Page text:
I stop drumming and singing and open my arms wide to the sky, drinking it all it. The Fair Folk are all around me, playing in the waves, brushing against my cold skin. I can hear them whispering, feel their light touch upon my hair. Strange sounds are all around me, and I am frightened and not frightened at the same time. This is wyrd.

 I am witch. I am a druid. I am one who walks between the worlds. This is who I am.

This is my Friday night.

I have been to many liminal places many different times, but not like this. This is special. I know that my heart will start to beat a little faster just remembering this night.

My ears are cold. I lower my arms and look around, noticing the tide coming in more and more, for that is what it does, without complaint, without effort, without coercion. I must be more like the tide, I think, as I put my drum away. I say my farewells to the place and all who are with me at the moment, and take a last look at the moon. The pathway to her is now under water, hidden beneath the shining surface of Mardöll, obscured by the grace of Nehalennia, taken with the great mystery. It is time to go.

I make my way back up the shingle spit, narrower than before. The fisherman is still there, and I wonder if my chanting, singing and cries were hear by him or whether they were scooped up by the sea there and then. I scramble up the steep shingle bank from the beach, almost twice my height. I sit for a moment at the top, looking at the little bay that has been created by the ever-shifting of the shingle. Each time I come here it is different; a bay disappears or suddenly appears elsewhere, a lagoon shines in the light, a seal swims close to the shore, geese fly overhead to the marshes, a cormorant makes its way home. Each time it is different. Each time it is magical.

I crunch my way back to the car. As I drive down the winding road, watching out for owls and hares, my headache comes rushing back, pounding in my temples. It lasts for two more days, until the equinox shifts the energies, and finally I am released from the swell. I can breathe in the spring sunshine, the daffodils in my garden bobbing their heads in the warmth, the robin singing, the bees beginning to make their rounds. It’s as if the earth has held its breath, and now it is released.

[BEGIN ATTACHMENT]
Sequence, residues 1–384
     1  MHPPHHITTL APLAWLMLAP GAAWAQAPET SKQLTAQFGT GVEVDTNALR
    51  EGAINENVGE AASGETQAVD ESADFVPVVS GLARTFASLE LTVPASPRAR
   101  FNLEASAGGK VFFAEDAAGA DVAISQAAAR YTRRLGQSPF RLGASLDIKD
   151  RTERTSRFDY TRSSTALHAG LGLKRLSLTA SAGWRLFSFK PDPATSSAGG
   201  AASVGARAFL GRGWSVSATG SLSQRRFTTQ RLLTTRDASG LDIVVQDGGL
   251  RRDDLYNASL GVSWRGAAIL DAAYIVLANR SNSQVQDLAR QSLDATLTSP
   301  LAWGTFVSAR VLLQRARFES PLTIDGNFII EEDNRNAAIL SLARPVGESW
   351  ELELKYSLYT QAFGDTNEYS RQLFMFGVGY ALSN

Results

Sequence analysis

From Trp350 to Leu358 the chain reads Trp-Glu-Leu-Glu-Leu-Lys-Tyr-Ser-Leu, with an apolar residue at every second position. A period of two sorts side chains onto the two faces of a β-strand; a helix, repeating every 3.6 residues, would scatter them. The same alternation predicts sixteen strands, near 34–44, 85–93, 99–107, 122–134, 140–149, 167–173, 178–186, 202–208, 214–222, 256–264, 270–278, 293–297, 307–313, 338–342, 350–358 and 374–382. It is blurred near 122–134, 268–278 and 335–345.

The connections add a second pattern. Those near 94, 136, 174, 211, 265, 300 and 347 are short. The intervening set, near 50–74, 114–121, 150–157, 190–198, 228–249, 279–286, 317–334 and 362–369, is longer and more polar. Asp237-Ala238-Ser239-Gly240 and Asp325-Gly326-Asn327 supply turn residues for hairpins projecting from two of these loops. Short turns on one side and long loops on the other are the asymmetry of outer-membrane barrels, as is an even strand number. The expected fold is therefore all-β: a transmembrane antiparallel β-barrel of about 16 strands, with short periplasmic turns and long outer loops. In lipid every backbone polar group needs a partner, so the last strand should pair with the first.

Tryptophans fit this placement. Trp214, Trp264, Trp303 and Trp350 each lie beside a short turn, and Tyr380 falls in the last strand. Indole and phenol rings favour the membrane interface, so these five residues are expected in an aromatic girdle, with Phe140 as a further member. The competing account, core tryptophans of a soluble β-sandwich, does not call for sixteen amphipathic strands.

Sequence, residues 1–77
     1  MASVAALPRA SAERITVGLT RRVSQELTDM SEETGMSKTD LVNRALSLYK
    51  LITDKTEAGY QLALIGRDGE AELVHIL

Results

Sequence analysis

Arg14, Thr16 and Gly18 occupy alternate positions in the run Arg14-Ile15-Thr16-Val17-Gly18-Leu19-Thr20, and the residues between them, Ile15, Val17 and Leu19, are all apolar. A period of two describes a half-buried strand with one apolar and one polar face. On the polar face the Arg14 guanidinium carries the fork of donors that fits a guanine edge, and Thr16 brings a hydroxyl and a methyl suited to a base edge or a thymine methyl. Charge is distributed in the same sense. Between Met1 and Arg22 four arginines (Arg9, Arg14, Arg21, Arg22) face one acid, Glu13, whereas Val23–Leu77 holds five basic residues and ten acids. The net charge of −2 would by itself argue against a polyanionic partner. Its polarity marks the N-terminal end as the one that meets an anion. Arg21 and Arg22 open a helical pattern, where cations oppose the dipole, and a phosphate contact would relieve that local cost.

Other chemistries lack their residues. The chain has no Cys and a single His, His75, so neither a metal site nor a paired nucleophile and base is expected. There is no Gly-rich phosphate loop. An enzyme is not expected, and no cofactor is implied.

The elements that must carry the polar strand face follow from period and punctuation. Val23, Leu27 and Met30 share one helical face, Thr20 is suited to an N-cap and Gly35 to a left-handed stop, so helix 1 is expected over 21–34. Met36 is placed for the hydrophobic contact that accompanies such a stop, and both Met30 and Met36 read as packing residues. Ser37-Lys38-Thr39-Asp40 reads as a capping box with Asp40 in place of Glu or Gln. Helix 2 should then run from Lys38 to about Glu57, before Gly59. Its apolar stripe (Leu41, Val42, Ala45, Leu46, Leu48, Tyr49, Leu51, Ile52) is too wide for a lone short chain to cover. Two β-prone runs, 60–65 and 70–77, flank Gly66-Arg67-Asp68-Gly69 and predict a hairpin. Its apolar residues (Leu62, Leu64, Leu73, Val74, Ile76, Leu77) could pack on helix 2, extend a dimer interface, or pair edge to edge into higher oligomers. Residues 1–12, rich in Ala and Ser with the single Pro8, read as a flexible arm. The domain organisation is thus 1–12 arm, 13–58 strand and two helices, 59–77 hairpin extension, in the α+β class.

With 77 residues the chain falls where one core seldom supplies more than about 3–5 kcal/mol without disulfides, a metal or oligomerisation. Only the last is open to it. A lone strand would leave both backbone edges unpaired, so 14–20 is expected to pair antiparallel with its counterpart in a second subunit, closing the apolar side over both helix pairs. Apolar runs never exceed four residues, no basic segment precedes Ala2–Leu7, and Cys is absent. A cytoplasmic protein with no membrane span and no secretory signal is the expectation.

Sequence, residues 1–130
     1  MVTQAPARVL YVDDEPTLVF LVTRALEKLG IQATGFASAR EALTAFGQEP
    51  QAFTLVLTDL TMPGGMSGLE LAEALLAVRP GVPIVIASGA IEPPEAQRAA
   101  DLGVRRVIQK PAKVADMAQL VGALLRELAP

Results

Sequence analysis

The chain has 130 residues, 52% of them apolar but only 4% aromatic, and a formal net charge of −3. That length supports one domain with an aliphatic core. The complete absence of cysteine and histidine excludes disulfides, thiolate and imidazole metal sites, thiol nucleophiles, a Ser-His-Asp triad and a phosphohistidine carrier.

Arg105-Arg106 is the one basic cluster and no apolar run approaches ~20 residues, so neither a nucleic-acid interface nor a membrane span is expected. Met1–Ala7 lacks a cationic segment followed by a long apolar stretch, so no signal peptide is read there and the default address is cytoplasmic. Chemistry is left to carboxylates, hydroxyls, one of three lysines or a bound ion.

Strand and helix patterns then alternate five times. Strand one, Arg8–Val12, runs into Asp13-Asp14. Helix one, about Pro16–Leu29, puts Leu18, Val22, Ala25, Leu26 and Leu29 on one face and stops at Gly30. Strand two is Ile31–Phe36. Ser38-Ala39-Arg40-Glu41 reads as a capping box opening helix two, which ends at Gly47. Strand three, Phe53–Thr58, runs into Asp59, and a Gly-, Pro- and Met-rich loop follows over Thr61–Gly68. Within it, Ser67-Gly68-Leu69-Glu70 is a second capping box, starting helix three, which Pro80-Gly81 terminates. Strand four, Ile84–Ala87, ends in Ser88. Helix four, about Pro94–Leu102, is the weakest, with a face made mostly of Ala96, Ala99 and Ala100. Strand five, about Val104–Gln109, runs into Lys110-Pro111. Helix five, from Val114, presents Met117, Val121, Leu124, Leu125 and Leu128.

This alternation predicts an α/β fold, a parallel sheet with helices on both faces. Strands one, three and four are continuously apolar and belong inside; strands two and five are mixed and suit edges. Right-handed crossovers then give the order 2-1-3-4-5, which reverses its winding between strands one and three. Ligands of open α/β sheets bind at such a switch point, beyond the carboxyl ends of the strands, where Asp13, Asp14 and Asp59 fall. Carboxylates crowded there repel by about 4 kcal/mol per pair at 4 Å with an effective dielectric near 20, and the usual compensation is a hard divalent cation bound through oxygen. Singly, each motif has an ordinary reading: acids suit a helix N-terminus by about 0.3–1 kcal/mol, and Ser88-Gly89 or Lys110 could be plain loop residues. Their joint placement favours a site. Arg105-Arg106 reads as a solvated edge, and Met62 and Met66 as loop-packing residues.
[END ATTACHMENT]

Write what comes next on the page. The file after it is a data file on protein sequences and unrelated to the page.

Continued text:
These changing tides are hard on the old body, but I wouldn’t have it any other way. I smell the green grass and moss beneath me, and revel in the blue sky overhead. I give heartfelt thanks for my many blessings, and say a prayer for peace under the late March sunshine.

New video: The Goddess in Witchcraft

The extreme winds we’ve had for the last few weeks have made it very difficult to film outdoors, especially here on the coast. So I made a new video this week, using footage filmed from last year. I hope you like it!

Book Review: The Mythic Moons of Avalon by Jhenah Telyndru

mythic moonsJhenah Telyndru, founder of the Sisterhood of Avalon with an MA in Celtic studies, has just released the follow-up to her wonderful and empowering book, Avalon Within. Avalon Within frames a system of healing and empowerment for women everywhere, who feel called to the wisdom and lore of the mythical isle. With this new release, The Mythic Moons of Avalon, we go even deeper, forging a path of personal sovereignty through the tides of the moon, working with herbs and the goddesses of the Avalonian tradition.

Telyndru weaves a tapestry of incredible beauty, full of lore and history, tradition and inspiration. Whereas in Avalon Within, we find the Cycle of Healing, here we find the Cycle of Revealing, the next step on the path towards sovereignty of the self. Here is the path that no one can walk for you; instead, Telyndru provides signposts along the way to help us remember and reclaim the old lore of the Celtic Britons to weave into our lives for the modern day. She has created an entire system that one can follow that is whole and complete in and of itself, and which can be richly rewarding for anyone who feels the call to Avalon. Here is the knowledge, and it is what you do with it that matters more than anything.

Here we can build bridges to connect with the divine, learn from plant allies and explore herbal energies, and also connect through journeying and pathworking to a realm where real transformation can occur, both on the inner and outer levels. This book is a real treasure, and has been long-awaited by many. Thank you, Jhenah, for your words and wisdom!

Dark Moon Wisdom

Dark Moon Wisdom

You don’t have to shine to be powerful.

Release.

Release into the darkness, allow the night to fill your soul.